Funds can not be used for the following:
- Those activities ineligible under CDBG are ineligible under NSP (generally)
- Foreclosure prevention
- Demolition of non-blighted structures
- Purchase of properties not abandoned or foreclosed upon
Guidance and clarification on how NSP funds can be used is available through:
- HUD's Neighborhood Stabilization Resource Exchange
- Neighborhood Stabilization Program: Q & A for Housing Developers prepared by the National Community Stabilization Trust
- The HUD FAQ page
- The HUD Policy Guidance page
- For specific questions about your jurisdiction contact your local HUD Community Planning & Development Director.
How are Grantees Planning to Administer their Neighborhood Stabilization Program?
Each grantee receiving an allocation of NSP funds is required to submit an action plan to the local HUD field office. Grantees are required to post their action plans on their public web sites. Action plans and contact information for all NSP grantees can be found at the Granteesection of HUD's Neighborhood Stabilization Resource Exchange.
NSP Targeting Requirements
The Neighborhood Stabilization Program has three specific targeting responsibilities for how funds may be used.
- All funds must go towards programs that serve individuals and families whose income does not exceed 120 percent of area median income;
- At least 25 percent of the funds must be used for the purchase and redevelopment of abandoned, foreclosed or vacant homes or residential properties that will be used to house individuals and families whose incomes are less than 50 percent of area median income;
- Jurisdictions that receive NSP funds must give priority emphasis to the areas of greatest need within their states, including those:
- Areas with the greatest percentage of foreclosures
- Areas with the highest percentage of homes financed by subprime mortgage related loans, and
- Areas identified as likely to face a significant rise in the rate of home foreclosures
Maps of NSP1 and NSP2 target areas can be found at NSP Maps.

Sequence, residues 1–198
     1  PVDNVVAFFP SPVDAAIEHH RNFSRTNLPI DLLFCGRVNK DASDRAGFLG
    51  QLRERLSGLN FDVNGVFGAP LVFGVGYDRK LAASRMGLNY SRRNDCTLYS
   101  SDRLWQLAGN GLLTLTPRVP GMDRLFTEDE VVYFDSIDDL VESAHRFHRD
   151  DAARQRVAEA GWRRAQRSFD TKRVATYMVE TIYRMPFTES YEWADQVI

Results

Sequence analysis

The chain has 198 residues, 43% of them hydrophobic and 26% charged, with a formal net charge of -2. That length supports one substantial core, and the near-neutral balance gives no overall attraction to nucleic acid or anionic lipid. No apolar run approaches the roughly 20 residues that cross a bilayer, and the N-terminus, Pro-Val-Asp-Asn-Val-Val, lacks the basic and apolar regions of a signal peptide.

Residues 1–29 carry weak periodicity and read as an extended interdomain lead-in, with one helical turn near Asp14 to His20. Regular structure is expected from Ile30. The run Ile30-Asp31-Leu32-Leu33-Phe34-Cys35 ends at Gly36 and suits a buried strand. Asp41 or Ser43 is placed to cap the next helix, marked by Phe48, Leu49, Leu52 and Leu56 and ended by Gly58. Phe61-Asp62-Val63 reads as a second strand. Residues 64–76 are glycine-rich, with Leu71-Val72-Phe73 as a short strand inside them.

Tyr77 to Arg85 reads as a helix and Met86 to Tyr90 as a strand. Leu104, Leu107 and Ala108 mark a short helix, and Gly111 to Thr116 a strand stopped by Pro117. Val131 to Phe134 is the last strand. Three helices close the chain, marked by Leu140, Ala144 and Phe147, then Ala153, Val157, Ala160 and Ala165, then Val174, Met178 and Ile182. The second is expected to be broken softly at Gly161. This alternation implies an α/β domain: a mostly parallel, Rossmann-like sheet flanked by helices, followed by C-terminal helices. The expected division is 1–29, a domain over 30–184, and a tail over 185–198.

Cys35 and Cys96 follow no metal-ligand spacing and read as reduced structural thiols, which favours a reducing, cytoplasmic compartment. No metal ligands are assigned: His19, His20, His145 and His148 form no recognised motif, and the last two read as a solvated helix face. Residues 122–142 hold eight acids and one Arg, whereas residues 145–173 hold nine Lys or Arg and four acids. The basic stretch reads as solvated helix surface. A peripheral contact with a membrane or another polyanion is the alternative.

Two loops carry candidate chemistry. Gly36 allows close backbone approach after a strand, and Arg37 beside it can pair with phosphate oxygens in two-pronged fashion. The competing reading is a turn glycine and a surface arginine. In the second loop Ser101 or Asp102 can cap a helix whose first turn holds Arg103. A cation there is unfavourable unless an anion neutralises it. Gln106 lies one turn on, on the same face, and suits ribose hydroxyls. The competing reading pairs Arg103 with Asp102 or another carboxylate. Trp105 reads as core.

Data and How to identify areas of greatest need
HUD offers data to help jurisdictions determine areas that meet the targeting requirements under the NSP. The following data are available through HUD:
- FY 2008 50% and 120% HUD Area Income Limits for each grantee area
- Click through map for each statethat provides an excel file that includes:
- List of Census Block Group (or part) in each state that does or does not qualify as an area of low-, moderate-, and middle-income (LMMH) benefit. (Where more than 51% of the given area had incomes of less than 120% of Area Median Income in FY 2000)
- Foreclosure and Abandonment Risk Score – this assessment developed by HUD provides a score for each Census Block Group from 0 to 10, where 0 indicates that HUD data suggest a very low risk and a 10 suggests a very high risk for foreclosure and abandonment.
- Predicted 18 month underlying problem and foreclosure rate
HUD has encouraged state and local government to use this data as a place to start in considering how to target their funds. It is important to note that the Foreclosure and Abandonment Risk Score and Predicted Foreclosure Rate do not give a picture of the actual level of problem in each neighborhood, but rather indicate there is a risk for problems.
To help states and communities make informed decisions about how to allocate and spend these funds, the Local Initiatives Support Corporation (LISC) has developed a dataset with foreclosure "needs scores" for Community Development Block Grant. This resource is available through the Foreclosure Response project, a collaboration of the Center for Housing Policy, KnowledgePlex, LISC, and the Urban Institute.
Particularly with NSP2, many nonprofits are taking leadership roles in administering NSP funding. Click here to access many resources collected especially for nonprofits working with NSP.
- HUD's Neighborhood Stabilization Resource Exchange, offers a wide range of resources, technical assistance, and information about training sessions related to NSP.
- Neighborhood Stabilization Program: Questions & Answers for Housing Developers, a resource compiled by the National Community Stabilization Trust (NCST) offers frequently asked questions and the answers from HUD.
- Neighborhood Stabilization Program Session Materials: On October 31 NeighborWorks hosted an information session on the NSP program featuring presentations from ICF International and a question and answer period with HUD.
- Several training courses are available through NeighborWorks® Training Institute to assist practitioners and policymakers in crafting and delivering effective stabilization reponses. Some courses are also available online.
- Save America’s Neighborhoods Campaign, a cross-industry taskforce of national organizations concerned about the foreclosure crisis’ impacts on communities, offers further information and background on the NSP program.